A set of 8-million-year-old teeth may have done just that. Researchers recently inspected the upper and lower jaw of an ancient European ape. Their conclusions suggest that humanity's forebearers may have arisen in Europe before migrating to Africa, potentially upending a scientific consensus that has stood since Darwin's day.
Rethinking humanity's origin story
The frontispiece of Thomas Huxley's Evidence as to Man's Place in Nature (1863) sketched by natural history artist Benjamin Waterhouse Hawkins. (Photo: Wikimedia Commons)
As reported in New Scientist, the 8- to 9-million-year-old hominin jaw bones were found at Nikiti, northern Greece, in the '90s. Scientists originally pegged the chompers as belonging to a member of Ouranopithecus, an genus of extinct Eurasian ape.
David Begun, an anthropologist at the University of Toronto, and his team recently reexamined the jaw bones. They argue that the original identification was incorrect. Based on the fossil's hominin-like canines and premolar roots, they identify that the ape belongs to a previously unknown proto-hominin.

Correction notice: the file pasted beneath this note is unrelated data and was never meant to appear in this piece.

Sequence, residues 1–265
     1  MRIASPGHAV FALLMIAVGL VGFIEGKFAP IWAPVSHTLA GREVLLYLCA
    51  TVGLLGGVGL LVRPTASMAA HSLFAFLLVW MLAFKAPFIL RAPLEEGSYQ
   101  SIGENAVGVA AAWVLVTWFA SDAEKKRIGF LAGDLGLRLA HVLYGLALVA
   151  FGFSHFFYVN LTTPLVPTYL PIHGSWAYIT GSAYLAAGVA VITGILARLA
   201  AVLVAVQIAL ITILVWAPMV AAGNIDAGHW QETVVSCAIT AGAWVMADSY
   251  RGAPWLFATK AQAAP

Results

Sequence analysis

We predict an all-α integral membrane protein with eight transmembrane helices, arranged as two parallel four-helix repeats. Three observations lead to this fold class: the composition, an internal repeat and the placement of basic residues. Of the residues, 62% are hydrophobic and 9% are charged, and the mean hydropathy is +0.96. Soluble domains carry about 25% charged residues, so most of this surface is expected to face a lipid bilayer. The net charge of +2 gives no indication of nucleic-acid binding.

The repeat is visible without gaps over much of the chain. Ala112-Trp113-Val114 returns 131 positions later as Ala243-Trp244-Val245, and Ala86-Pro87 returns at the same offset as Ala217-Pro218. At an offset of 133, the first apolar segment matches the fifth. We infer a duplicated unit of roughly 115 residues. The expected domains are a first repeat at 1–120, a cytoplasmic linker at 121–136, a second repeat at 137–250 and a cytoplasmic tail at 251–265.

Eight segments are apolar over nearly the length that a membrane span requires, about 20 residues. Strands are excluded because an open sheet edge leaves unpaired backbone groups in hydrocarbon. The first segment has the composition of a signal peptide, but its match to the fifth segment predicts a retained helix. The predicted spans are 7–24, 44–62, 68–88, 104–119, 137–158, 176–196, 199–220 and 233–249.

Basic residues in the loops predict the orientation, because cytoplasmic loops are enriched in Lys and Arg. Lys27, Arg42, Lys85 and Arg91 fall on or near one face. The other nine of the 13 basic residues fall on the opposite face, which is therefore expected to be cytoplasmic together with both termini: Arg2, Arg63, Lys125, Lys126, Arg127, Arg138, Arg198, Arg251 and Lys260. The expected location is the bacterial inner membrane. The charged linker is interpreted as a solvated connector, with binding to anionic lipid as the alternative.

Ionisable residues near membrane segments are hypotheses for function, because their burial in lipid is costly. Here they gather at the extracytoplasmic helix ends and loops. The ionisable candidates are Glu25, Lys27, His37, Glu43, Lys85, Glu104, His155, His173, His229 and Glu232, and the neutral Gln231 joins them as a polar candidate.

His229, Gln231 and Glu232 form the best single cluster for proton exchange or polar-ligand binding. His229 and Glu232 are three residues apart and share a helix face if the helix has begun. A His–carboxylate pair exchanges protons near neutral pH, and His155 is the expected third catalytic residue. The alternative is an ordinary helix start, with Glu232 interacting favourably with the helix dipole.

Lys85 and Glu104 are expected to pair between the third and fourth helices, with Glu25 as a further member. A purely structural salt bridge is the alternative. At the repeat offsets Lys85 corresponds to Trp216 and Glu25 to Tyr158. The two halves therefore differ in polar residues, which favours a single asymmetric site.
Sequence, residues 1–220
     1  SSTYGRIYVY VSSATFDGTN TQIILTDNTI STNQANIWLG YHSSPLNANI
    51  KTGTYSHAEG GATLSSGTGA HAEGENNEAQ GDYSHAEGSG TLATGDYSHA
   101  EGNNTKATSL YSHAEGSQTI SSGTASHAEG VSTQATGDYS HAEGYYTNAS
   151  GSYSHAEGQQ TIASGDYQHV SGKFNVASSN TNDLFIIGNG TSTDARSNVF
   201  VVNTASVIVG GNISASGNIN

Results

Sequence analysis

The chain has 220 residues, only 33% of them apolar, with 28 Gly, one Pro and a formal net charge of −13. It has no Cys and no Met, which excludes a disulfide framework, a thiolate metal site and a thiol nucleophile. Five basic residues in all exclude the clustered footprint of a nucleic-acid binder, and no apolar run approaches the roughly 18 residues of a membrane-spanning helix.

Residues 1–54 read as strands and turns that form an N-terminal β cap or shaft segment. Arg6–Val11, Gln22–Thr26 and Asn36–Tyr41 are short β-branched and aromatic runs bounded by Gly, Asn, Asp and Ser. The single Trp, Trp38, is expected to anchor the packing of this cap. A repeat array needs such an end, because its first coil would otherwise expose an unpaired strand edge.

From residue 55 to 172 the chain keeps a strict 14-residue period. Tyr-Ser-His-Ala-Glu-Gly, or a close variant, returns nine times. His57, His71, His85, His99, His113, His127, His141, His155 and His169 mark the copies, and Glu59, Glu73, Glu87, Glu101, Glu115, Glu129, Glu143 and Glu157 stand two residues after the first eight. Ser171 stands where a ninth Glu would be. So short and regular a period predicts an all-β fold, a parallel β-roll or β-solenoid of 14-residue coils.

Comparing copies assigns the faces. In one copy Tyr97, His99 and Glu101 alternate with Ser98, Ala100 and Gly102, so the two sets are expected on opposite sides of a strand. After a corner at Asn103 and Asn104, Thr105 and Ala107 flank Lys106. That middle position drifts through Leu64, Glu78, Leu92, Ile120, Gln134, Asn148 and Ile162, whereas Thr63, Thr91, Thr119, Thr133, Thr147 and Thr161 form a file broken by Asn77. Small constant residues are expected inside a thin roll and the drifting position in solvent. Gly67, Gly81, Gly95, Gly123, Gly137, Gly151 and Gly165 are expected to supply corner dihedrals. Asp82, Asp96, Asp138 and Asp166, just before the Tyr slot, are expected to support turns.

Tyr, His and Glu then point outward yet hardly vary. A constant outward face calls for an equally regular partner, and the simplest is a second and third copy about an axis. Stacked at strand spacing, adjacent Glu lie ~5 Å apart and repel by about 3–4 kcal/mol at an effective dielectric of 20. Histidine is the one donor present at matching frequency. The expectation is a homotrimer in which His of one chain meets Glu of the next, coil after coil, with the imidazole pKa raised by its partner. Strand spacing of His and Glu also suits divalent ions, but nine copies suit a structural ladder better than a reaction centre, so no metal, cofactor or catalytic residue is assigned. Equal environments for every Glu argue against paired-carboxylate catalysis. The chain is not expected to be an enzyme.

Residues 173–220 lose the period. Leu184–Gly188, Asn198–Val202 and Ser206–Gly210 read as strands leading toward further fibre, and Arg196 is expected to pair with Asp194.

The researchers hypothesize that these proto-hominins were the evolutionary ancestors of another European great ape Graecopithecus, which the same team tentatively identified as an early hominin in 2017. Graecopithecus lived in south-east Europe 7.2 million years ago. If the premise is correct, these hominins would have migrated to Africa 7 million years ago, after undergoing much of their evolutionary development in Europe.
Begun points out that south-east Europe was once occupied by the ancestors of animals like the giraffe and rhino, too. "It's widely agreed that this was the found fauna of most of what we see in Africa today," he told New Scientists. "If the antelopes and giraffes could get into Africa 7 million years ago, why not the apes?"
He recently outlined this idea at a conference of the American Association of Physical Anthropologists.
It's worth noting that Begun has made similar hypotheses before. Writing for the Journal of Human Evolution in 2002, Begun and Elmar Heizmann of the Natural history Museum of Stuttgart discussed a great ape fossil found in Germany that they argued could be the ancestor (broadly speaking) of all living great apes and humans.
"Found in Germany 20 years ago, this specimen is about 16.5 million years old, some 1.5 million years older than similar species from East Africa," Begun said in a statement then. "It suggests that the great ape and human lineage first appeared in Eurasia and not Africa."
Migrating out of Africa